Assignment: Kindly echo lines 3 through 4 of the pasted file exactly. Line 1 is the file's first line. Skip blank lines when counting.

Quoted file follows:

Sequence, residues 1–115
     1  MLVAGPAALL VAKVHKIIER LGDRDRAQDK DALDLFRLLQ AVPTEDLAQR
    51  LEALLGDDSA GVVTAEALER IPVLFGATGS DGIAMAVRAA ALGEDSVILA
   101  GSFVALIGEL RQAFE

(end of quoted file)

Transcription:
    51  LEALLGDDSA GVVTAEALER IPVLFGATGS DGIAMAVRAA ALGEDSVILA
   101  GSFVALIGEL RQAFE